And as for consistency, the reasoning behind giving it the same weightage as runs scored was that as much as we wanted to reward being consistent, we didn’t want a scenario where a player who makes consistent 35s ends up higher than a player who averages in the 60s while being a tad inconsistent.
Now that everything ranging from the ingredients to the recipe have been explained in detail, let’s get our hands on the dish and look at the final result.
5. Babar Azam
Pakistan had a torrid time in the World Test Championship, finishing 6th, having won only 43.3% of the points that were available to them. But Babar Azam stood tall amidst the ruins, ending up as their highest scorer in the Championship, by a fair margin. He absolutely dominated the weak attacks of Bangladesh and Sri Lanka at home, but the highlight of his campaign came in Australia, where he scored a fine second innings hundred at the Gabba, albeit in a losing cause, and then followed it up with a 97 in Adelaide. He had a decent tour of England as well, scoring two fifties there.
He was also the second most consistent batsman in the tournament after Ravindra Jadeja, while scoring almost twice as many runs as him. What went slightly against Babar was the fact that most of his big scores barring the ones in Australia, came against weaker attacks and in good conditions for batting, which pushed his weighted average down by a significant margin.
Runs – 932, Innings – 17, Average – 66.57, Weighted Average – 55.46,
Difference: -11.11, 50s – 5, 100s – 4, Consistency Index – 0.67,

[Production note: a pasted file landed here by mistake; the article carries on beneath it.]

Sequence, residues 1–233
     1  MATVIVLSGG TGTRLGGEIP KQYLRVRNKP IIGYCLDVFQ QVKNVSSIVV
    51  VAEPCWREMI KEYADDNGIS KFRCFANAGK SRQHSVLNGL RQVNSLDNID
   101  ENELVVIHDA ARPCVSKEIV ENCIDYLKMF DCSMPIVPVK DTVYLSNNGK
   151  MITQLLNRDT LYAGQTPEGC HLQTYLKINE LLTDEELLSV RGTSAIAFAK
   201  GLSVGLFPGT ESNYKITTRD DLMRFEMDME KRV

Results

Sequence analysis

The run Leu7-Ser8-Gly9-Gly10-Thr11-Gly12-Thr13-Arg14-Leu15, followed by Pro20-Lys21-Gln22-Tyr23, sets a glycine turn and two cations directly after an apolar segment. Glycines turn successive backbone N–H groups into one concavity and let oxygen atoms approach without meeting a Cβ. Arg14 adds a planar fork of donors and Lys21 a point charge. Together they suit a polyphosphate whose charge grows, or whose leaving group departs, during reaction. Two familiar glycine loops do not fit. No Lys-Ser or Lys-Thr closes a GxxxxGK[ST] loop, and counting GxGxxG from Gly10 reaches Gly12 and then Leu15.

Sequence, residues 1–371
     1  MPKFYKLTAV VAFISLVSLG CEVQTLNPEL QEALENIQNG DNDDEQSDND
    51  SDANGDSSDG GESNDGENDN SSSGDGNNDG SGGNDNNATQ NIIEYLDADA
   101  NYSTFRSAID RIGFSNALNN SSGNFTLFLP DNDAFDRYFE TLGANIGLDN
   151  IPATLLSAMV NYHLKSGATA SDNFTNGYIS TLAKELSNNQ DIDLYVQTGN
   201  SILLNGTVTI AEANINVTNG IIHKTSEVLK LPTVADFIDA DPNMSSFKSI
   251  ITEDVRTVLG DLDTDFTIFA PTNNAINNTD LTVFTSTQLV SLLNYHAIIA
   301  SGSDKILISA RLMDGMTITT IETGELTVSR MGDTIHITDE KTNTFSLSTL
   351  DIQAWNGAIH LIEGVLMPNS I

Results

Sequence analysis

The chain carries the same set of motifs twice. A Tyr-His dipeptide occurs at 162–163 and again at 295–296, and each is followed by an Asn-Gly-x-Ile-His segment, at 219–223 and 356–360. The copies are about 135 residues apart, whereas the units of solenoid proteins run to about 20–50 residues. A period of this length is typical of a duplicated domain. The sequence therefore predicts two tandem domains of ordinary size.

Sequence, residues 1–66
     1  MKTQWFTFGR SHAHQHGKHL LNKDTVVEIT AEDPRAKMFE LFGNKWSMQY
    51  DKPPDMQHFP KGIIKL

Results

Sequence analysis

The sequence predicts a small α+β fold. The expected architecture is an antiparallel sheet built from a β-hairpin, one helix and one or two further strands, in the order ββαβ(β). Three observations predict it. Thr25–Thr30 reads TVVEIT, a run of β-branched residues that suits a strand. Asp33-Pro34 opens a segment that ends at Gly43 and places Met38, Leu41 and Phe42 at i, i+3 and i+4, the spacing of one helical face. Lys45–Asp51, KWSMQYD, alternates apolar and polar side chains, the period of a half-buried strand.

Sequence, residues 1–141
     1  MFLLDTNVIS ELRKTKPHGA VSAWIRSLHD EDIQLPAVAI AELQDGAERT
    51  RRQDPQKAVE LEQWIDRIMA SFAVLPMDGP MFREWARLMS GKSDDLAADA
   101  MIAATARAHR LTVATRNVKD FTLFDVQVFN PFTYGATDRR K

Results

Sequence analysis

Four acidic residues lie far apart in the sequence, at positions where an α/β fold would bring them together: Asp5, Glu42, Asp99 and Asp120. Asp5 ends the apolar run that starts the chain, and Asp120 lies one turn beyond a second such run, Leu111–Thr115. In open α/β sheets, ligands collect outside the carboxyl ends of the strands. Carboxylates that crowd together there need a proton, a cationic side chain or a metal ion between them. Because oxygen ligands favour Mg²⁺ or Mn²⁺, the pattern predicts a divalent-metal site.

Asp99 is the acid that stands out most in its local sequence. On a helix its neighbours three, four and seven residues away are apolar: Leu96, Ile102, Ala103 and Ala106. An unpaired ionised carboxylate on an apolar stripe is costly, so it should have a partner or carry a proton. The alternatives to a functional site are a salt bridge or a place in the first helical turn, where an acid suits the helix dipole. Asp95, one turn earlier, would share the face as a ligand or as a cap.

Final Score: 610
4. Mohammad Rizwan
Rizwan finished as Pakistan’s third-highest scorer in the World Test Championship after Babar Azam and Azhar Ali. They had one of the toughest overseas assignments among all teams – touring England, New Zealand, and Australia – and Rizwan scored runs everywhere, with a 95 at the Gabba, 2 fifties in England, and 3 in New Zealand. He also scored his maiden Test century against South Africa in the 2nd innings of the Rawalpindi Test.
Rizwan topped the chart in terms of the difference between actual and weighted average and came third in terms of consistency. It shows how he scored runs in crunch situations when batting was difficult, and as if that was not enough, he did so with unmatched consistency. And this is why he slots in ahead of his captain at number 4.
Runs – 741, Innings – 18, Average – 46.31, Weighted Average – 50.42,
Difference: 4.11, 50s – 6, 100s – 1, Consistency Index – 0.71,
Final Score: 720
3. Rohit Sharma
The enigma of Rohit Sharma – the Test cricketer, had been one of the most frustrating stories in modern-day Indian cricket, until now. Rohit finally came good as he made the shift to the top of the order in the longest format, ending up as India’s second-highest run-scorer after Ajinkya Rahane, and with by far the highest average among all Indian batsmen in the World Test Championship.
Three of his four centuries in the tournament came in his first series as an opener, against South Africa. But the most impactful knock of his came against England on the dustbowl of Chennai. That knock of 161, coupled with his other knocks in that series and the solid starts he gave in Australia as well as the WTC Final, meant his weighted average ended up higher than his actual average. Consistency was an issue though, as he slots in at number 11 among the top 18 batsmen in the Championship, but it’s safe to say he was India’s best batsman in the inaugural World Test Championship, something you’d not have guessed when it began.